High nitrate concentration together with high salinity of the groundwater in the area of Lake Karachai may enhance the activity of halophilic and denitrifying microorganisms. Those microorganisms affect transformation of chemical species of radionuclides through the function of cellular compounds as carboxyl and phosphoryl functional groups. Coordination environments of biosorbed Eu(III) by Halomonas sp. and P. denitrificans measured by time-resolved laser-induced fluorescence spectroscopy (TRLFS) showed that Eu(III) was coordinated with the functional groups. Even though clay mineral kaolinite is well known to adsorb cationic metal ions, SEM-EDS and TEM-EDS analyses of the U- and Pu-accumulated mixture of B. subtilis cells and kaolinite from the solution containing UO22+ and PuO22+ revealed that most of U and Pu were associated with B. subtilis cells in the mixtures. These results show that microbial cells possess higher sorption ability of U(VI) and Pu(VI) than clay mineral of kaolinite. U(VI) and trivalent actinides (An(III)) formed U(VI)- and An(III)-phosphate minerals on the cell surface of microorganisms. This mineralization resulted from post-sorption process, where U(VI) and An(III) were instantaneously sorbed on the cell surfaces of microorganisms, followed by the reaction with essential element of P released from the yeast to form U(VI)- and An(III)-phosphate minerals. During the formation of biological carbonate mineralization, coprecipitation of radionuclides is another process for retarding migration of actinides and Sr. Unicellular fungus yeast Saccharomyces cerevisiae accumulated radioactive Cs inside cells. Therefore, microorganisms play an important role for the migration of radionuclides including actinides in groundwater around Lake Karachai.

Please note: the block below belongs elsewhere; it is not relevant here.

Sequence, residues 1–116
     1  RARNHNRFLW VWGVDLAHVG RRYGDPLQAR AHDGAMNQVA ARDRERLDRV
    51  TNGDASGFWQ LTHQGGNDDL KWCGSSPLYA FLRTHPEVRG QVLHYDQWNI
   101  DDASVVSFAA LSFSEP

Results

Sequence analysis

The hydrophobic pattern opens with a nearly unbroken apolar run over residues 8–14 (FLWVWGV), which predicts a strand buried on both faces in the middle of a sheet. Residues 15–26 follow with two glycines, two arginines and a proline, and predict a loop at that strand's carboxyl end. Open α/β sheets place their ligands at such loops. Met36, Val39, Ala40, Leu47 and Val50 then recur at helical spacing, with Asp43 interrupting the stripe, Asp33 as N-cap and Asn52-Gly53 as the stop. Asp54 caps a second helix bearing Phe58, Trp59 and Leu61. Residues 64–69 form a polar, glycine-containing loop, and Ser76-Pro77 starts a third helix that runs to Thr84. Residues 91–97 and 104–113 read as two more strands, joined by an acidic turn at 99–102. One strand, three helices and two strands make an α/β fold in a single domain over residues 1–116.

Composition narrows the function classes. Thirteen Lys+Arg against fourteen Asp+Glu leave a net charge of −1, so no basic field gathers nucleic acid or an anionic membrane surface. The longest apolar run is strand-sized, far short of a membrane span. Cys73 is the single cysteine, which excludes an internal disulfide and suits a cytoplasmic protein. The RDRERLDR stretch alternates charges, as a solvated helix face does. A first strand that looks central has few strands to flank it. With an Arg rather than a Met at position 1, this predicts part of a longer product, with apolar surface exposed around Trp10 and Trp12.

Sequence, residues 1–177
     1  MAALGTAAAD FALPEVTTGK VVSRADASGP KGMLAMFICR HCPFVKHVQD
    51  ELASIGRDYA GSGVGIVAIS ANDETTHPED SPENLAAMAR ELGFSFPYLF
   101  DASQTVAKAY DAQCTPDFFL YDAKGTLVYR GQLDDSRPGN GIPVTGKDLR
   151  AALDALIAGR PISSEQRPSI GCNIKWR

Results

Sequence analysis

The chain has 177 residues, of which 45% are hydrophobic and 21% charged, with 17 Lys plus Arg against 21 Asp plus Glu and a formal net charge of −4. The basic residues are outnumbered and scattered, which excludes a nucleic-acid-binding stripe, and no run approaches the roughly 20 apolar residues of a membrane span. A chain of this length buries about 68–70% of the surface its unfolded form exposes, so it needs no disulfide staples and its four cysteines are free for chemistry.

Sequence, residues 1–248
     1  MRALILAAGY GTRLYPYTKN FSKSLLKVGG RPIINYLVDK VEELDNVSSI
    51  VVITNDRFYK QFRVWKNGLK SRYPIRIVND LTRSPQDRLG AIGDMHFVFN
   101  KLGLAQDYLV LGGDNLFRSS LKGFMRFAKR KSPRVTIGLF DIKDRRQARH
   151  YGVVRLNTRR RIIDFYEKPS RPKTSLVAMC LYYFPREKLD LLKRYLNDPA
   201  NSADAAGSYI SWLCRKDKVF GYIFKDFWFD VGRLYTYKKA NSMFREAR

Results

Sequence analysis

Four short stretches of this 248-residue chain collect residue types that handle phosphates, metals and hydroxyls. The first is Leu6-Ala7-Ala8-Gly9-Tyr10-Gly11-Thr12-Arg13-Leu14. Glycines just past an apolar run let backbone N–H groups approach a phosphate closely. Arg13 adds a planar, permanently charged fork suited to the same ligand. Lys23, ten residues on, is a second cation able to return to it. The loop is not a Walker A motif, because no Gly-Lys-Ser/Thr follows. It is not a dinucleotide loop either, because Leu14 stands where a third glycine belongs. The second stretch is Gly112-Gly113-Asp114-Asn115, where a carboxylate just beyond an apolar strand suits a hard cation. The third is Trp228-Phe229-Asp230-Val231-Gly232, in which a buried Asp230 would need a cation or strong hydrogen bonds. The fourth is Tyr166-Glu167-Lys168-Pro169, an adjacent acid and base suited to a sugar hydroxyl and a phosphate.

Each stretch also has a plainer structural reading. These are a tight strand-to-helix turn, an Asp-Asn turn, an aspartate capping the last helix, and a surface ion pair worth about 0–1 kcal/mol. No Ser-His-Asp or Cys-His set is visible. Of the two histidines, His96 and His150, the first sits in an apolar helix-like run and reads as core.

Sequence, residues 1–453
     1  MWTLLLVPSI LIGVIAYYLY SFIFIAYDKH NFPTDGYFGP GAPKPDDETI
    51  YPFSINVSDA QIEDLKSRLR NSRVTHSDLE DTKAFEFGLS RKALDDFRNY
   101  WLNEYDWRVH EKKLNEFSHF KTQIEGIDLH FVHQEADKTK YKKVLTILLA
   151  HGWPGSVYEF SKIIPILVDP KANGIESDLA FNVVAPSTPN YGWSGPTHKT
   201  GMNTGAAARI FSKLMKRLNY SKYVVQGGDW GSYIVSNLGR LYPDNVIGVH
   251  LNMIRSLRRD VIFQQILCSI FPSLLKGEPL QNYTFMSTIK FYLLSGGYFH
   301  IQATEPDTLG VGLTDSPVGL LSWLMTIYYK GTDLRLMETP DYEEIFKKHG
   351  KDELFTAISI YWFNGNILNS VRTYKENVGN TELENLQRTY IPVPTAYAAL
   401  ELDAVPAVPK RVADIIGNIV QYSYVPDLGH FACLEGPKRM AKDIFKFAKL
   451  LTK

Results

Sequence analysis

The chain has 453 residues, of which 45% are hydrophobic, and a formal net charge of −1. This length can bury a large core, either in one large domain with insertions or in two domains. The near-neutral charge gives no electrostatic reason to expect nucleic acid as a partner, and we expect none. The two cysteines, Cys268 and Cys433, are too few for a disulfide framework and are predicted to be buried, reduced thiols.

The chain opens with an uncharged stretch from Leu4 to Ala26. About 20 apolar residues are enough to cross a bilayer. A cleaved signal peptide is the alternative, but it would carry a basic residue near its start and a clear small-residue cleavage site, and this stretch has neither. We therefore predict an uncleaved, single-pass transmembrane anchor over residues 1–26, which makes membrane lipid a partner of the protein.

All Science Journal Classification (ASJC) codes
- 化学 (全般)